Everyone remembers the Alamo, but Texas’ fight for independence wouldn’t have been possible without Sam Houston and a group of stubborn, brave men in a freezing cold, tiny wooden shack outside of present-day Brenham.
This post is all about visiting historic Washington-on-the-Brazos and other historic sites near Brenham, Texas.
Let’s get moving along the Independence Trail…
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The Independence Trail: 5 Historic Sites near Brenham, Texas
Washington County is known as the Birthplace of Texas.
On March 2, 1836, 59 brave men declared Texas a “free, sovereign and independent republic.”
When in Brenham, there are a number of historic sites to visit to travel back in time and discover Texas’ exciting history.
Here are the best places to visit in and around Brenham.
The first (and most obvious) destination for history lovers in Brenham is Washington-on-the-Brazos.
This is where you can be in the room where it happened (well, a recreation).
In the 1800s Washington-on-the-Brazos was a budding town with a prime location on the Brazos River where steamboats could bring in merchandise. This is where they decided to hold the convention to draft Texas’ new constitution during the war for independence from Mexico.
Today the site houses Independence Hall (a recreation of the building where the constitutional convention was held), the Star of Republic Museum, and the Barrington Plantation.
Purchase your ticket at the visitor center, it includes entrance to all three sites.
There are guided tours every hour and I highly recommend it! I just went on a tour recently and despite having studied Texas history in school I still learned so much on the tour.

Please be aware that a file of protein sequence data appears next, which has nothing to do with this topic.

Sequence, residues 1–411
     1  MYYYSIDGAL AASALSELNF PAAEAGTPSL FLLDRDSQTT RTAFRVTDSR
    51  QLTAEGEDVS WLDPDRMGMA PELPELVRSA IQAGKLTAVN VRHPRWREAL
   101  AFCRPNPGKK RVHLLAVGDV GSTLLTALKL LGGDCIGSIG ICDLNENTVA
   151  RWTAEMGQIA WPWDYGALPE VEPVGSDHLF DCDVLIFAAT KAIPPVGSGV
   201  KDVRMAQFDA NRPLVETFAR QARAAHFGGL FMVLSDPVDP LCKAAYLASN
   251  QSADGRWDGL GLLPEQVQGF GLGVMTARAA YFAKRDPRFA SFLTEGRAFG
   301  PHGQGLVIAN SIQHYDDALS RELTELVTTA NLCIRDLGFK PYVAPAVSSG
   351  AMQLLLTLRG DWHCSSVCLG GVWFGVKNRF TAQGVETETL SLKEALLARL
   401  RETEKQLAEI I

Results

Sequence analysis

There is a playground, picnic tables, and trails that lead down to the river so you can make a whole day of your visit here.
I always pack a picnic to enjoy and now that I have my own son, I love bringing him here to see history and have a picnic where I would play all the time as a child growing up in Brenham.
The Barrington Plantation is a living history farm. It forms part of the Washington-on-the-Brazos historic site outside Brenham.
You can see the original home of Dr. Anson Jones, the final president of the Republic of Texas.
The guides here dress in 1800s appropriate costumes and work the farm and livestock using the tools and methods of the time.
See them paint the fence, harvest corn, and tend to the resident longhorns, chickens, and turkeys.
Kids will love seeing the animals and talking to the interpreters who love to talk about their fictional daily life!
Note: As part of Washington-on-the-Brazos, your entrance fee covers the Barrington Plantation. You can purchase your ticket at either site’s visitor center depending on which you visit first. They’re on the same site but you do need to drive a short distance between them.
The Fanthorp Inn, Anderson
Imagine traveling across Texas in the 1800s, suffocating in the stifling fashion of the time in the humid heat while the wooden wheels bang over the rocks as you travel for miles on the hard bench of a stagecoach.
In small-town Anderson, you don’t have to imagine it.
Visit the restored Fanthorp Inn, see a restored stagecoach, and experience an incredibly preserved piece of Texas history.